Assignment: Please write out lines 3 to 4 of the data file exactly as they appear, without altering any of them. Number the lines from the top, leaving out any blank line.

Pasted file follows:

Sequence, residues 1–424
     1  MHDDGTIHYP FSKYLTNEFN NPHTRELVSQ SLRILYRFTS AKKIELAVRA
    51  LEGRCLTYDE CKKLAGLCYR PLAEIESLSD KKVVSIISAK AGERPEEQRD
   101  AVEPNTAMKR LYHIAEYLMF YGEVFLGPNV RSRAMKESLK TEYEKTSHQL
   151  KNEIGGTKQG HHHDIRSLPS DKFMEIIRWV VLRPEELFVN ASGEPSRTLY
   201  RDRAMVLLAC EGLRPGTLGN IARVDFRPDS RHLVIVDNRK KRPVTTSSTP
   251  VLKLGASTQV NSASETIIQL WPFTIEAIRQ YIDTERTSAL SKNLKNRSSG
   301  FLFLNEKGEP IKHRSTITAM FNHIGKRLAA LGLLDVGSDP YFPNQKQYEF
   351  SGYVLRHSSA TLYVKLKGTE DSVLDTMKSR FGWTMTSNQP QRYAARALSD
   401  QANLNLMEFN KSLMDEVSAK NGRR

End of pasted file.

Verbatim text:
    51  LEGRCLTYDE CKKLAGLCYR PLAEIESLSD KKVVSIISAK AGERPEEQRD
   101  AVEPNTAMKR LYHIAEYLMF YGEVFLGPNV RSRAMKESLK TEYEKTSHQL